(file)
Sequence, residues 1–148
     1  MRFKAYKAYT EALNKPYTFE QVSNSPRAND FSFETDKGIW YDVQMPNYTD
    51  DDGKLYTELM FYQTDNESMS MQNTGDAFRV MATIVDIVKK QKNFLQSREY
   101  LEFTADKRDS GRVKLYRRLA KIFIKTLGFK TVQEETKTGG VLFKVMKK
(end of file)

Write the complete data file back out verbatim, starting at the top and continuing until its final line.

Sequence, residues 1–148
     1  MRFKAYKAYT EALNKPYTFE QVSNSPRAND FSFETDKGIW YDVQMPNYTD
    51  DDGKLYTELM FYQTDNESMS MQNTGDAFRV MATIVDIVKK QKNFLQSREY
   101  LEFTADKRDS GRVKLYRRLA KIFIKTLGFK TVQEETKTGG VLFKVMKK